A recent report by the Deficit Reduction Commission, challenged to reduce the U.S. deficit by $3.8 trillion over 10 years, includes recommendations to reduce farm spending by $3.0 billion a year. Not counting federally subsidized crop insurance programs, government payments to farmers and landowners have been running at about $12 billion a year during the last four years. Reducing payments by $3.0 billion a year would significantly reduce the government financed market safety net.

Current high commodity prices will stimulate increased agricultural production in the U.S. and the world, especially in countries in the southern hemisphere such as Brazil and Argentina. Markets react to changing supply and demand conditions and current high prices are vulnerable to sizeable downward adjustments. A significant reduction in farm program payments would require the farm sector to rely on other market-based tools to manage financial risk.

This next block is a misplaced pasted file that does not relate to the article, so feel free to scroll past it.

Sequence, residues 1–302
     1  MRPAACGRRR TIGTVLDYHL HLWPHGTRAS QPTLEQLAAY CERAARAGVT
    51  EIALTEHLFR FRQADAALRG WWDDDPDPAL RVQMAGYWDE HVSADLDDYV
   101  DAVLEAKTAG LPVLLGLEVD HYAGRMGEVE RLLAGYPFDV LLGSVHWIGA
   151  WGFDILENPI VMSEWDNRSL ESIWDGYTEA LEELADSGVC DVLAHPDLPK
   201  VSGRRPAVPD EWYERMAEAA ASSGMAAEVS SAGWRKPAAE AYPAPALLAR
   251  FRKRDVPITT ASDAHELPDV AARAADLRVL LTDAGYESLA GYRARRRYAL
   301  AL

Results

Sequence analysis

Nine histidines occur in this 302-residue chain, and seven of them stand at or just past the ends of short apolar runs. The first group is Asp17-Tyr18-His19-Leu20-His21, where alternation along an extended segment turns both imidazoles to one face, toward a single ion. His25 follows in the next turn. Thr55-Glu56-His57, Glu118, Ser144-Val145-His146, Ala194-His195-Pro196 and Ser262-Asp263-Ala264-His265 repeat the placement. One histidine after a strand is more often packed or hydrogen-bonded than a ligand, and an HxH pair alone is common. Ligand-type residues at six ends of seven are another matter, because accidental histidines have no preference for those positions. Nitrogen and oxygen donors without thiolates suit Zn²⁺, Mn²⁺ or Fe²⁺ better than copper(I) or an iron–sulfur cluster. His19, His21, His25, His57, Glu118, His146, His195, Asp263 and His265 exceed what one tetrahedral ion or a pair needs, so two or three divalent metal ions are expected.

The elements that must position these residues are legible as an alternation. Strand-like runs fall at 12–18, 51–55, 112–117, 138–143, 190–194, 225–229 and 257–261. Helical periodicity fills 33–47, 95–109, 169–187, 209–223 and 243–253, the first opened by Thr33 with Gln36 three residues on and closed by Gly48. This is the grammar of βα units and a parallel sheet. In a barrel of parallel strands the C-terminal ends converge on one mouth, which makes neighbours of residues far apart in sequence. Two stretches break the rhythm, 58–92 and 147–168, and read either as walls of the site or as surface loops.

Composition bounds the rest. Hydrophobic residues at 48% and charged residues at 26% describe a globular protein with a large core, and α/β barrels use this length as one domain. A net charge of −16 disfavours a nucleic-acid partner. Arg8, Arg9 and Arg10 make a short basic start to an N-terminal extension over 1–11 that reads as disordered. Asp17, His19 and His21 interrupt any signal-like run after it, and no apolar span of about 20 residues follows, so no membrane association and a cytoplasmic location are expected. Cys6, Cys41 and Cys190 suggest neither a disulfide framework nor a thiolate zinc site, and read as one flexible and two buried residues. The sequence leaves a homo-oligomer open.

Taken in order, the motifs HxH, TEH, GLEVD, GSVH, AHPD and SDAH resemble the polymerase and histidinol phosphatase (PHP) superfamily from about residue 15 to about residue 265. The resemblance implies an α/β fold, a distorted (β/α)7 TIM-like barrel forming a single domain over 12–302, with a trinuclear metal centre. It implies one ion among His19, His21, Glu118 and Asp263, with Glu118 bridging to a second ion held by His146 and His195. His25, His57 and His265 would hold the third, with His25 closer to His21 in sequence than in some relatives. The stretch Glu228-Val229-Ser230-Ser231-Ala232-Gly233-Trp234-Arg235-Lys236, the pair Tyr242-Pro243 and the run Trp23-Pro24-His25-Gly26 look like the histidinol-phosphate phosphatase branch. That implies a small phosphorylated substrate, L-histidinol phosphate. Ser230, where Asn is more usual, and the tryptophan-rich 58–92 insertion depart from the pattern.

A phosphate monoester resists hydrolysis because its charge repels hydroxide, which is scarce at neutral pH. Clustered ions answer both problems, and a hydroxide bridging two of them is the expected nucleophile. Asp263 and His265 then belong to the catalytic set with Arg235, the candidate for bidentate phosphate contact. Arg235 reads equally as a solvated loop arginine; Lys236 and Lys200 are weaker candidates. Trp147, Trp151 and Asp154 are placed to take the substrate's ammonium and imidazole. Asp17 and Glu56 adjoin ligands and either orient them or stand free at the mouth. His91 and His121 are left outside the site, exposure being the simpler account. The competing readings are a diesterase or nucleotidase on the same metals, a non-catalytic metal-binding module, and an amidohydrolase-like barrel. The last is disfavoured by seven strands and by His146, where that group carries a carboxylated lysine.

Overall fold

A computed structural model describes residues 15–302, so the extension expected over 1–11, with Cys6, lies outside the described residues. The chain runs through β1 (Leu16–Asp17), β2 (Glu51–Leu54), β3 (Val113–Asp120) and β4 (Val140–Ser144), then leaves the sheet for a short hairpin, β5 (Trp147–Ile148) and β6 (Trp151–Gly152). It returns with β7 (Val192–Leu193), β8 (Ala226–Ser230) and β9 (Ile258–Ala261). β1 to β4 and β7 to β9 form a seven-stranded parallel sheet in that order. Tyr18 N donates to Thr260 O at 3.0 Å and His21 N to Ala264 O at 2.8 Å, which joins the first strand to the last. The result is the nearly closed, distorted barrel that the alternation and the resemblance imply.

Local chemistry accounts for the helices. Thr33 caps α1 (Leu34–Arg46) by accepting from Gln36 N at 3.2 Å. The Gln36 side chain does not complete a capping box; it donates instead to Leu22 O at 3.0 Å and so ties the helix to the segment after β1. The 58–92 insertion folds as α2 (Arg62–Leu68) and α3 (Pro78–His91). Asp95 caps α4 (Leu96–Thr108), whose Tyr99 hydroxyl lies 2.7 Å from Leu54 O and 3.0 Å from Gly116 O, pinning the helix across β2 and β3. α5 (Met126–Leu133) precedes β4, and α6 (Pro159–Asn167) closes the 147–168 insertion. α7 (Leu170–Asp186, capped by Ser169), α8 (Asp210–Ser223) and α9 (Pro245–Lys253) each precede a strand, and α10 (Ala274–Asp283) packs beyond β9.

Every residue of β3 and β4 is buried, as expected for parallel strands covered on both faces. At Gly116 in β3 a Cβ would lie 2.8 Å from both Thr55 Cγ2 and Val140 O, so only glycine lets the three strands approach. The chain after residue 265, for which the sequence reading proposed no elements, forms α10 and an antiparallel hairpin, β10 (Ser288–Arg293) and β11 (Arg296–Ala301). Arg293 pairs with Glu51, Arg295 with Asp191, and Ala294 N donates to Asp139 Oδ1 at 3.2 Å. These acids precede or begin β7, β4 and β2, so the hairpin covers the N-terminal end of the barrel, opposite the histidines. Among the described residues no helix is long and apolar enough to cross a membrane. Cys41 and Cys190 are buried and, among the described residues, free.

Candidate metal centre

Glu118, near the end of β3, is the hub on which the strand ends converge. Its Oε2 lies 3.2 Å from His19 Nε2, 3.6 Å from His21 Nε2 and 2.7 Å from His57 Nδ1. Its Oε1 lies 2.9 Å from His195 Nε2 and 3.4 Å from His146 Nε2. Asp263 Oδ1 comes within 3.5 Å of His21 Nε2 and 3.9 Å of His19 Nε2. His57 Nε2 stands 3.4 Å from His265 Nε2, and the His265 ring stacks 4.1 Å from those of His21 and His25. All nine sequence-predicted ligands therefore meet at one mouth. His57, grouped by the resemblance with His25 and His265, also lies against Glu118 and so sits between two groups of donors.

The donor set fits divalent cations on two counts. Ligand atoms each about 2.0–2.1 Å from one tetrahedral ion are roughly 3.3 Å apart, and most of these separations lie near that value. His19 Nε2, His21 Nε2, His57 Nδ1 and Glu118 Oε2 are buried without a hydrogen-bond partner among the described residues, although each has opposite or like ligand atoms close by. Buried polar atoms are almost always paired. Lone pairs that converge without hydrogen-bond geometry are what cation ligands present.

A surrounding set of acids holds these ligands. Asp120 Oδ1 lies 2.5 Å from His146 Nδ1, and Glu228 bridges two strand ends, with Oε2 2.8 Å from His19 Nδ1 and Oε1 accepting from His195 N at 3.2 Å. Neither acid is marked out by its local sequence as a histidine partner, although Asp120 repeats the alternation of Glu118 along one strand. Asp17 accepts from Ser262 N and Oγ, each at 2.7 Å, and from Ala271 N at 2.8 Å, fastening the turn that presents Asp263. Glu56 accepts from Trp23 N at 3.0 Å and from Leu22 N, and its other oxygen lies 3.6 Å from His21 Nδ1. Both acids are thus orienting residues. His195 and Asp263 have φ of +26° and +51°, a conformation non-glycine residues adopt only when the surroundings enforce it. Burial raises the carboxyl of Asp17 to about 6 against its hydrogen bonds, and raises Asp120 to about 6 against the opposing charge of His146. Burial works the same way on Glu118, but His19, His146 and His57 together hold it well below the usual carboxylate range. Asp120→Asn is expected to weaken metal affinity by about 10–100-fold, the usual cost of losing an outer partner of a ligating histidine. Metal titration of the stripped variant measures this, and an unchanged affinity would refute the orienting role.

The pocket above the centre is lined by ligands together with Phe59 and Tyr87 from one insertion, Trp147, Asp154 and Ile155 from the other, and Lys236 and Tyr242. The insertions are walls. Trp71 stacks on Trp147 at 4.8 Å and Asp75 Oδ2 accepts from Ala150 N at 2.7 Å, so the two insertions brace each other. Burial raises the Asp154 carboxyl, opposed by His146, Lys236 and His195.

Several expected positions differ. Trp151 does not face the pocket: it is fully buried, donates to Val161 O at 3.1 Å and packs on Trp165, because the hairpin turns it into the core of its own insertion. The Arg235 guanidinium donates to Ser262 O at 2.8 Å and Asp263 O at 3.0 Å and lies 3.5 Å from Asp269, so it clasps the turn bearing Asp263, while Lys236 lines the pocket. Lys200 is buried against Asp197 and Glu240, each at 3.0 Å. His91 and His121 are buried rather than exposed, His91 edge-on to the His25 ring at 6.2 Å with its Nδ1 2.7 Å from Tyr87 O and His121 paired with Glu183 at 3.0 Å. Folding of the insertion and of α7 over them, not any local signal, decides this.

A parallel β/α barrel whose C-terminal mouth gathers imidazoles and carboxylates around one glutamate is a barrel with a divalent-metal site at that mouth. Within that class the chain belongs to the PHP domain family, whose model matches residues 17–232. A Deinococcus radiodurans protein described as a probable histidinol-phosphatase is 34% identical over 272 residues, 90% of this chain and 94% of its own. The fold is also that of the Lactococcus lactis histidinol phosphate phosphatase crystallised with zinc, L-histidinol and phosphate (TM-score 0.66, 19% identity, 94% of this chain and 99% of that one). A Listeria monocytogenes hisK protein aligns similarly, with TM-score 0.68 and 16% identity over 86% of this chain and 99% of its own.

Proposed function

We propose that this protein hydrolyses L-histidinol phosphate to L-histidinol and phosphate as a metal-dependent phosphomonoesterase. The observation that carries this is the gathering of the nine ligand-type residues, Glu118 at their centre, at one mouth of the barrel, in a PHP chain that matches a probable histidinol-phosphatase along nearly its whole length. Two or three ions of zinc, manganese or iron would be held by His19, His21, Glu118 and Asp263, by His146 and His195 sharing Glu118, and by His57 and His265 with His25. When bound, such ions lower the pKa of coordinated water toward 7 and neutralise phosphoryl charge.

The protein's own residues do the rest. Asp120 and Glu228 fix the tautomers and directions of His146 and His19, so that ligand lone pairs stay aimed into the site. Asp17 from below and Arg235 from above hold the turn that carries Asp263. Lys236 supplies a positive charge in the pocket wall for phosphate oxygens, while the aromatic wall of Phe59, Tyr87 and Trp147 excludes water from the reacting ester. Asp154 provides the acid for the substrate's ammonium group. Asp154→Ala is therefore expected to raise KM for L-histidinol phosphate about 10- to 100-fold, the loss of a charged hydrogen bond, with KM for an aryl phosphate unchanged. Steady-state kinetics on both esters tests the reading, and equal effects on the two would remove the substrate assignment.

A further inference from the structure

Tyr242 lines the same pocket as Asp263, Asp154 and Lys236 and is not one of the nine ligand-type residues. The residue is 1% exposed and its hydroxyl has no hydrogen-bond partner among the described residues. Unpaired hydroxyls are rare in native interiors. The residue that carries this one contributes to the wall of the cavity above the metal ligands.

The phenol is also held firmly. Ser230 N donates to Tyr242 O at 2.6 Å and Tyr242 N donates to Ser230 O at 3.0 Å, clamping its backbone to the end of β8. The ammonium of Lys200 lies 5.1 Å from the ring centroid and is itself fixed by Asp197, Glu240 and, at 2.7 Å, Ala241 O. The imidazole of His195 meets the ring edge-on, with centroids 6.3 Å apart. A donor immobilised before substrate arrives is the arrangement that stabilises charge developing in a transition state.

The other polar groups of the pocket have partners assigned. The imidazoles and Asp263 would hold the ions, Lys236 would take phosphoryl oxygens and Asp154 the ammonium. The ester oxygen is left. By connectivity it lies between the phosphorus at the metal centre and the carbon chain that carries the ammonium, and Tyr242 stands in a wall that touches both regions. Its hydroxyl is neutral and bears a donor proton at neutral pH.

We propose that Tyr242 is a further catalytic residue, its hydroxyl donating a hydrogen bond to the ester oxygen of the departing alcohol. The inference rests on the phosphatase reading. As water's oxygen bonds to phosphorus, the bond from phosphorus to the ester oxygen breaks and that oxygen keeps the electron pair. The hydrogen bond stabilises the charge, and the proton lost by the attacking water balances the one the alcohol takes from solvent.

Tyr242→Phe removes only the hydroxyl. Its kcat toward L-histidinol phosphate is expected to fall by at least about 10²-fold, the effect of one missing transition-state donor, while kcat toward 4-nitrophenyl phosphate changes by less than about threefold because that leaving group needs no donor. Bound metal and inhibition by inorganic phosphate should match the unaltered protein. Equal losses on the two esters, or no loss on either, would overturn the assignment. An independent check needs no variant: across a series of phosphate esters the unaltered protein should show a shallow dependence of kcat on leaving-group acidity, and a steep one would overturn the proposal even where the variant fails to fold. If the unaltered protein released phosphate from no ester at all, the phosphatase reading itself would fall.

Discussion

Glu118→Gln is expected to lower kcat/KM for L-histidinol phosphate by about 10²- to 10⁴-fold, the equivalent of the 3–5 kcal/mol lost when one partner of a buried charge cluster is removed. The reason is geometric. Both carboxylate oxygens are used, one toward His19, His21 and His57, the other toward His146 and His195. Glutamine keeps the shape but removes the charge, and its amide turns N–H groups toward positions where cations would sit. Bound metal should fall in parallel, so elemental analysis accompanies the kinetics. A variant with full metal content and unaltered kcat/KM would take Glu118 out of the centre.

Government Funding Cuts

With a current U.S. national debt of about $13.7 trillion, the Deficit Reduction Commission recommended plan would hold down the growth of the federal debt by roughly $3.8 trillion by 2020, or about half of the $7.7 trillion by which the debt would have otherwise grown by that year. While the Deficit Reduction Commission report is just a recommendation, their discussion of budget cuts that includes social security benefits and defense spending will not leave agricultural untouched.

 

Jose G. Penais Texas AgriLife Professor and Extension Economist-Management in Uvalde.